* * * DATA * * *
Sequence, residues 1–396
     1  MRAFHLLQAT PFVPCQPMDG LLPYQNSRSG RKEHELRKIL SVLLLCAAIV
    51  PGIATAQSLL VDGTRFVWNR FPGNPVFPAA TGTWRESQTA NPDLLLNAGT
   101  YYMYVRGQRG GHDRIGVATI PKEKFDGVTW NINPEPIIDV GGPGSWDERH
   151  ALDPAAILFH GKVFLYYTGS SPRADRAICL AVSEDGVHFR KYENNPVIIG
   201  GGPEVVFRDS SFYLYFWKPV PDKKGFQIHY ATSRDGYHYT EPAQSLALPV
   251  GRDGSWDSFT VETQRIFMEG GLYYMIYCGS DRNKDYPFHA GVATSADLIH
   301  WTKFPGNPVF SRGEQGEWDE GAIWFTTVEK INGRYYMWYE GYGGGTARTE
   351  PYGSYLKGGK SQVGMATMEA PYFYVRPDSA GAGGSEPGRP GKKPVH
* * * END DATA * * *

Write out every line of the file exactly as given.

Sequence, residues 1–396
     1  MRAFHLLQAT PFVPCQPMDG LLPYQNSRSG RKEHELRKIL SVLLLCAAIV
    51  PGIATAQSLL VDGTRFVWNR FPGNPVFPAA TGTWRESQTA NPDLLLNAGT
   101  YYMYVRGQRG GHDRIGVATI PKEKFDGVTW NINPEPIIDV GGPGSWDERH
   151  ALDPAAILFH GKVFLYYTGS SPRADRAICL AVSEDGVHFR KYENNPVIIG
   201  GGPEVVFRDS SFYLYFWKPV PDKKGFQIHY ATSRDGYHYT EPAQSLALPV
   251  GRDGSWDSFT VETQRIFMEG GLYYMIYCGS DRNKDYPFHA GVATSADLIH
   301  WTKFPGNPVF SRGEQGEWDE GAIWFTTVEK INGRYYMWYE GYGGGTARTE
   351  PYGSYLKGGK SQVGMATMEA PYFYVRPDSA GAGGSEPGRP GKKPVH